Overweight and obesity are defined as abnormal or excessive fat accumulation that presents a risk to health. A body mass index (BMI) over 25 is considered overweight, and over 30 is obese. The issue has grown to epidemic proportions, with over 4 million people dying each year as a result of being overweight or obese in 2017 according to the global burden of disease.
Rates of overweight and obesity continue to grow in adults and children. From 1975 to 2016, the prevalence of overweight or obese children and adolescents aged 5–19 years increased more than four-fold from 4% to 18% globally. Obesity is one side of the double burden of malnutrition, and today more people are obese than underweight in every region except sub-Saharan Africa and Asia.
Once considered a problem only in high-income countries, overweight and obesity are now dramatically on the rise in low- and middle-income countries, particularly in urban settings. The vast majority of overweight or obese children live in developing countries, where the rate of increase has been more than 30% higher than that of developed countries.
Complications of Obesity
Heart disease and strokes
Obesity makes you more likely to have high blood pressure and abnormal cholesterol levels, which are risk factors for heart disease and strokes.
Type 2 diabetes
Increased dehydration, Frequent urination, Increased hunger, Unintended weight loss, Fatigue, Unclear vision, Slow-healing sores, Frequent infections
Research shows that excess body fat increases your risk for several cancers, including colorectal, post-menopausal breast, uterine, esophageal, kidney and pancreatic cancers. What’s less clear is exactly how being obese increases that risk.
The human digestive system is a complex system made up of several organs all working in harmony. A digestive disorder or disease occurs when there is an improper functioning of one or more of these organs. Many digestive diseases can be traced back to obesity. In fact, obese people are at a particularly high risk of developing digestive disorders such as Gastroesophageal Reflux Disease (GERD) and stomach cancer.
In adults, the most common cause of obstructive sleep apnea is excess weight and obesity, which is associated with the soft tissue of the mouth and throat. During sleep, when throat and tongue muscles are more relaxed, this soft tissue can cause the airway to become blocked.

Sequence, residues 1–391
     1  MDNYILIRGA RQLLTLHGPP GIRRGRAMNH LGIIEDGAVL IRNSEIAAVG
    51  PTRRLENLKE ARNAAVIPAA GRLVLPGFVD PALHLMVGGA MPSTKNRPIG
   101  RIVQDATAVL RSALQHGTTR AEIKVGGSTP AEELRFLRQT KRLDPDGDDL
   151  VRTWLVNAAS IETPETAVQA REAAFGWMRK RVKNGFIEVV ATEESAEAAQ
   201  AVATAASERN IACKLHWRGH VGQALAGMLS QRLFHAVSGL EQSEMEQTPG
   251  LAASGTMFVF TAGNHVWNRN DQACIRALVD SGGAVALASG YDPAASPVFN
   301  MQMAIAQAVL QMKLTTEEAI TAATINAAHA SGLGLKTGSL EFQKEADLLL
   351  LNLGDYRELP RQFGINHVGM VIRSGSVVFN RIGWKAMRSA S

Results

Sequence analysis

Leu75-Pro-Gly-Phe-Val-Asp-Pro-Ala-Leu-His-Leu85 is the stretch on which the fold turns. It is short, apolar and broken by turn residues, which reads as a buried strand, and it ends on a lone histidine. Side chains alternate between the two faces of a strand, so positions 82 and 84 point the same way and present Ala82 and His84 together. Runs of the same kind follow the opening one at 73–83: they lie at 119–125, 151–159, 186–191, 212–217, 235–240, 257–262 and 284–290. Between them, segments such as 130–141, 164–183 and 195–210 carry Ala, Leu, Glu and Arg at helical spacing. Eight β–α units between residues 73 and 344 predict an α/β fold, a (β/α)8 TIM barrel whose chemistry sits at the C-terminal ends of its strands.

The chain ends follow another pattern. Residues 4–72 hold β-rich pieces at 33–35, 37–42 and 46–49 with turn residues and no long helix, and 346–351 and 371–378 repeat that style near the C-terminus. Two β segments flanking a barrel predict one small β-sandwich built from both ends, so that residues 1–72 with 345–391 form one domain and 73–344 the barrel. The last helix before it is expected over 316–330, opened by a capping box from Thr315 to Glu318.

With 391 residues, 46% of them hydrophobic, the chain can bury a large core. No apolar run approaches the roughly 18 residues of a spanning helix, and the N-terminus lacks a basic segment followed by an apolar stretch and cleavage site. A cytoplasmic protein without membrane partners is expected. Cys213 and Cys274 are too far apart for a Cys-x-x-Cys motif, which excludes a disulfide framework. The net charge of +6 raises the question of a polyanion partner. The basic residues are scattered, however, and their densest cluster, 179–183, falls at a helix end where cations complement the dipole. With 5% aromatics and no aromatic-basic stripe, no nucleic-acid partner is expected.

More than half of people with obstructive sleep apnea are either overweight or BMI, of 25-29.9) or obese (BMI of 30.0 or above).
A 10% weight gain raises your risk of OSA by six times, though the effect goes down after age 60.
“The increase in the prevalence of OA is directly attributable to the rise in obesity,” he says. Being just 10 pounds overweight puts an extra 15 to 50 pounds of pressure on your knees. This makes it more likely to you’ll develop osteoarthritis (OA) or make the disease worse if you already have it.
Severe COVID-19 symptoms
In a study of COVID-19 cases in patients aged 18 years and younger, having obesity was associated with a 3.07 times higher risk of hospitalization and a 1.42 times higher risk of severe illness (intensive care unit admission, invasive mechanical ventilation, or death) when hospitalized.
PREVENT FROM OBESITY
The risks of obesity needs to be prevented. This can be done by adopting
HEALTHY EATING HABITS
DOING SOME PHYSICAL EXERCISE REGULARLY
Hopefully after this activity you are more aware of the affects of obesity. Many people do not realize how damaging obesity can be to the body and for your overall health. Obesity is something that is increasingly on the rise today and will continue to rise unless we do something about it like informing people of how bad it really is and encouraging people to live a health-enhancing lifestyle. A healthy diet and exercising two to three times a week is key to not becoming obese. Let’s change the trend of obesity by living healthy lives and building towards a healthy nation.